Chipmaker Infineon was up €0.22 to €7.45 after the company and Philips Electronics won contracts to supply chips used in German passports. Separately, the Chinese-language paper Economic Daily News reported that the the leading DRAM vendor Samsung plans to raise DRAM prices by 3% for the first half of June. Infineon's joint-venture partner Nanaya confirmed it expects higher prices as well. The brokerage Kepler sees a more pronounced DRAM under-supply situation kicking in within the third-quarter. Kepler believes that the market is close to the DRAM pricing inflection point, which suggests investing in the company now.
Porsche was up €8.75 to €599.00, after the carmaker's sales in U.S. rose 25% in May, helped by new the 911 and Boxster models. The company sold 3,567 units from 2,858 a year earlier. The 911 model sales rose 17% to 1,089, while Boxster sales doubled to 1,051 units.
Carmaker BMW was up €0.61 to €36.62, after Citigroup upgraded the company to buy from hold and increased its target to €44 from €36 on the back of U.S. dollar strength. Separately, the company's US May car sales fell 3.1% to 26,926 units, while five-month sales rose 2% to 117,844.
Clothing maker Hugo Boss was up €0.17 to €24.95 According to The Financial Times Deutschland, the company plans to expand its production of shoes and accessories by as much as 30% this year and exceed €100 million by 2006.
Sporting goods maker Adidas was down €1.30 to €135.68, after dealers reported that Morgan Stanley placed 180,000 shares at €136. Separately, the company said it expects sales in Asia and Latin America to rise by at least double-digit amount this year, according to CFO Robin Stalker, speaking at a Deutsch Bank sponsored German business conference. Stalker said that he expects no change in outlook for the European markets, where Germany and France remain depressed.
The bank Credit Agricole was up €0.39 to €21.66. after the company posted first-quarter 2005 gross operating profit up 26% to €1.024 billon, beating the consensus forecast of €978 million. Revenue was up 9.7% to €3.233 billion, also higher than the consensus of €3.157 billion. This is the first quarter reported under International Financial Reporting Standards so that there are no comparable figures. Separately, traders note that Citigroup is placing 6 million shares in the company on behalf of AGF, which is reducing its stake to 33 million shares, from 39 million shares held previously, roughly 2.5% of the bank's capital.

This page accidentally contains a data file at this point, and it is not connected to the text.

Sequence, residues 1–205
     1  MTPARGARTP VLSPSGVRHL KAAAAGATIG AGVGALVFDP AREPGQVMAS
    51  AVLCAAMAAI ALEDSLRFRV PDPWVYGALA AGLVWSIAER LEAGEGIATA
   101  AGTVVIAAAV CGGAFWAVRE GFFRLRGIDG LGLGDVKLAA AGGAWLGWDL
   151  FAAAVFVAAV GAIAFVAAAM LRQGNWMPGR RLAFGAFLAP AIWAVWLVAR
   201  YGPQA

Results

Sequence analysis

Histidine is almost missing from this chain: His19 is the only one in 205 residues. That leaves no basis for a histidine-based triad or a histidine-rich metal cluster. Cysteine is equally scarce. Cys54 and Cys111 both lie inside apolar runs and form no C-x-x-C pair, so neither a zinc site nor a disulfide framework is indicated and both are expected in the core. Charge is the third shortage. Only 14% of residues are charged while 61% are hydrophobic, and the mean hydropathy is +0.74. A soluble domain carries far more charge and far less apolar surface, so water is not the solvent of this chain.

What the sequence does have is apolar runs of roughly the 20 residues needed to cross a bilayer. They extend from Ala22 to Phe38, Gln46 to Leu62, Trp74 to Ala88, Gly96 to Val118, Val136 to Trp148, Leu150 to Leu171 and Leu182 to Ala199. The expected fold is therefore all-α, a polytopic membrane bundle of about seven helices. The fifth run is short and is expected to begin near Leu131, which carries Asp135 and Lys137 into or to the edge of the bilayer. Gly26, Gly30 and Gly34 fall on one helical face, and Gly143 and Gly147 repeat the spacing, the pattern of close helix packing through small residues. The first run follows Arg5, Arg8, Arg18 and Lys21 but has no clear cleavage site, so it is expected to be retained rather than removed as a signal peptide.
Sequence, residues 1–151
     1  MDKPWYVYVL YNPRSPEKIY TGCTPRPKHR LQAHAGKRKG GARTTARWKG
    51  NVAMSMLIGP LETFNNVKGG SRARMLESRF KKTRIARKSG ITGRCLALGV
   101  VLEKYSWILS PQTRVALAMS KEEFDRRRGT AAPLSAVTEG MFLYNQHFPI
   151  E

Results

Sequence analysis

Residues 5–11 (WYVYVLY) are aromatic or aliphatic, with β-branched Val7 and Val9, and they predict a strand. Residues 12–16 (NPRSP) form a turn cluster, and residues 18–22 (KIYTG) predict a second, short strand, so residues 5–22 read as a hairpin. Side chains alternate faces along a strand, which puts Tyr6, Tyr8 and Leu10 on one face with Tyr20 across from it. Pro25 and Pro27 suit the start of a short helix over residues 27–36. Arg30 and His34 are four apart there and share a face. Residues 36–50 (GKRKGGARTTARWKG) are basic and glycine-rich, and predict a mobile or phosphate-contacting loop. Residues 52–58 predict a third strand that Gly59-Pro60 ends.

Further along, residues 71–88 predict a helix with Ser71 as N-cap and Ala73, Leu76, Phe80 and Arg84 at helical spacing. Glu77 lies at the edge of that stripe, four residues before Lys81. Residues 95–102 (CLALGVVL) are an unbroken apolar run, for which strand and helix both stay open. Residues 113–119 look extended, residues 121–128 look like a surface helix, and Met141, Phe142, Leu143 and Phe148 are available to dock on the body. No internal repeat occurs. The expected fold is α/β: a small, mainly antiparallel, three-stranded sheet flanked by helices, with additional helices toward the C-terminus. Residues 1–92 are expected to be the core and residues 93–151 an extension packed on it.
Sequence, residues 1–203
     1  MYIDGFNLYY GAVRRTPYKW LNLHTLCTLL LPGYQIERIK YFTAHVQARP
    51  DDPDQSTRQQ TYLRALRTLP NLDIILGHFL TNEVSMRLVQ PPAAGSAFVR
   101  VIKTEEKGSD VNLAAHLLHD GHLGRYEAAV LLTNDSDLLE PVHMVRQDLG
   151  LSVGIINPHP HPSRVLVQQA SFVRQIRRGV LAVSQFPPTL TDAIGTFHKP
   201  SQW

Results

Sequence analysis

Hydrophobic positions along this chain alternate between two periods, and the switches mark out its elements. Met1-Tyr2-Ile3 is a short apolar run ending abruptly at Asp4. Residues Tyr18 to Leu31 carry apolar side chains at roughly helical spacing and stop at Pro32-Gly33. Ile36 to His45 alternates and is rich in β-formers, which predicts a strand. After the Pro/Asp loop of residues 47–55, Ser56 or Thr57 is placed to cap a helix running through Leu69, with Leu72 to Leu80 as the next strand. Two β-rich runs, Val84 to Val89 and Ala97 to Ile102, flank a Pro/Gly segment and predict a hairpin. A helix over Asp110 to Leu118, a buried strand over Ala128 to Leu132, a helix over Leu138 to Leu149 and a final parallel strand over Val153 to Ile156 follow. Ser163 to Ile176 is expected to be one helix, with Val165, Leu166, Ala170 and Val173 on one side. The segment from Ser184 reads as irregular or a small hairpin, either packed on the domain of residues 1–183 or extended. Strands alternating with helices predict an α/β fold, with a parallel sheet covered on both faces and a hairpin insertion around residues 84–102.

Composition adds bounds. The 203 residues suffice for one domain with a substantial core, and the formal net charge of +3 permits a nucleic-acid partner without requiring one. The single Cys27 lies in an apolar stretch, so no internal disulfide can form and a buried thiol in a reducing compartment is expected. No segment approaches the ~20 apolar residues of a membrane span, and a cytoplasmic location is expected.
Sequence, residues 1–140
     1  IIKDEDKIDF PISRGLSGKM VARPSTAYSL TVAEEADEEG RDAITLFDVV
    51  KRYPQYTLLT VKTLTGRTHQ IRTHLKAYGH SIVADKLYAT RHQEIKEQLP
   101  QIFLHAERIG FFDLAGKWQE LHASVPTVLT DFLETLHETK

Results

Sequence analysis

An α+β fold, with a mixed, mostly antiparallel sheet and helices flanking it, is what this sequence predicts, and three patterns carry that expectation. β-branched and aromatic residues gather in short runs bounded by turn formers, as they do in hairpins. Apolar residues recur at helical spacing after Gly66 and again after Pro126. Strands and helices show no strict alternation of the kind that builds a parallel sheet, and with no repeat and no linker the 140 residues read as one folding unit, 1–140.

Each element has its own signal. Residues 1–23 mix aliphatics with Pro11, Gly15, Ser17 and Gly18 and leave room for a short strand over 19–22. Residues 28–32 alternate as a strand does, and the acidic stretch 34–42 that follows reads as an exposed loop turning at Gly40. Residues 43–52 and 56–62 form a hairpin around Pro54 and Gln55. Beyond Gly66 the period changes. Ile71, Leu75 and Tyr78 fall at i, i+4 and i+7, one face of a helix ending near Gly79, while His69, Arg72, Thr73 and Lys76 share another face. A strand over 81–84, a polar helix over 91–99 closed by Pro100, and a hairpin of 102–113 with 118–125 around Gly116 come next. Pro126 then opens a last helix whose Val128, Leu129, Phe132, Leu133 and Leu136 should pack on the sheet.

Luxury goods maker Hermes was up €3.20 to €165.30, after it emerged that the company may cut its 31.5% stake in Leica after the German camera-maker announced a €23 million increase in capital. Hermes remains indecisive and awaits an explanation about Leica's strategy. Leica posted fiscal year 2004/2005 losses of €15.5 million, which was €14 million more than expected. The company also holds its annual general meeting today.
Aerospace giant Eads, parent of Airbus, was down €0.26 to €23.71 after Reuters reported that the company could change divisions as part of its re-structuring. Details remain unclear. Separately, the company's chief of finance Hans Peter Ring said Boeing could regain its place as world-leader in volume of orders, overtaking Airbus. Airbus expects to deliver between 350 to 360 units in fiscal year 2005, compared to 320 in 2004. Boeing, meanwhile, expects to deliver 320 units in 2005 and between 375 and 385 units in 2006.
LVMH Moet Hennessy Louis Vuitton was up €0.55 to €61.15 after Oddo Securities upgraded the company to buy from accumulate and raised its target to €72.0 from €64.0, noting that the fall of the euro is a catalyst for the luxury sector in general and the company in particular. The broker has modified its scenario for the U.S. dollar, estimating now an average euro rate of $1.26 compared to $1.35 previously.
Retail group Pinault-Printemps-Redoute, which also owns Gucci, was up €1.50 to €83.10 after the bank ING initiated coverage with a buy rating and target price of €95. The broker said the company has 18% upside potential, but warns of the risks inherent in the weakening dollar-to-euro ratio and International Financial Reporting Standards-related cuts.
Sugar and sweetener maker Tate & Lyle was down £0.22 to £4.63 after reporting fiscal year underlying pre-tax profit of £255 million, up from £227 million year over year and higher than a Goldman Sachs forecast of £240 million. The company noted that European sugar reform will adversely affect the future performance of the company's European Sugar and Food and Industrial Ingredients business, although it cannot quantify the consequences at this stage. Analyzing the results, Credit Suisse First Boston said that, as usual, the company's numbers came in a touch ahead of the comments made in the trading. The broker also notes that the chairman confirmed that the European Union Sugar Regime will impact the company's sugar and European starch profits.
Discount airline Ryanair was up £0.04 to £6.64 after the bank Exane BNP Paribas increased its target to €6.4 from €6.3 and kept its neutral rating, based on the new growth guidance. The broker said the fiscal year net profit of €267 million exceeds market expectations while improving yield environment is confirmed with average fares up 2% for the full year.
Mining group BHP Billiton was up £0.08 to £6.83 after the company said it has taken its shareholding in Australian miner WMC Resources to 29.46% from 16.35%. It also has access to a further 4.31% via derivative contracts. The company said it needs 50% acceptances from WMC shareholders by 9 a.m. GMT tomorrow or its 7.85 Australian dollar a share offer will lapse.
Financial services group Prudential was down £0.05 to £4.85 after saying that International Financial Reporting Standards cut profit by £15 million. While under different European accounting principles, fiscal-year operating profit was £1.24 billion compared to £1.15 billion a year ago.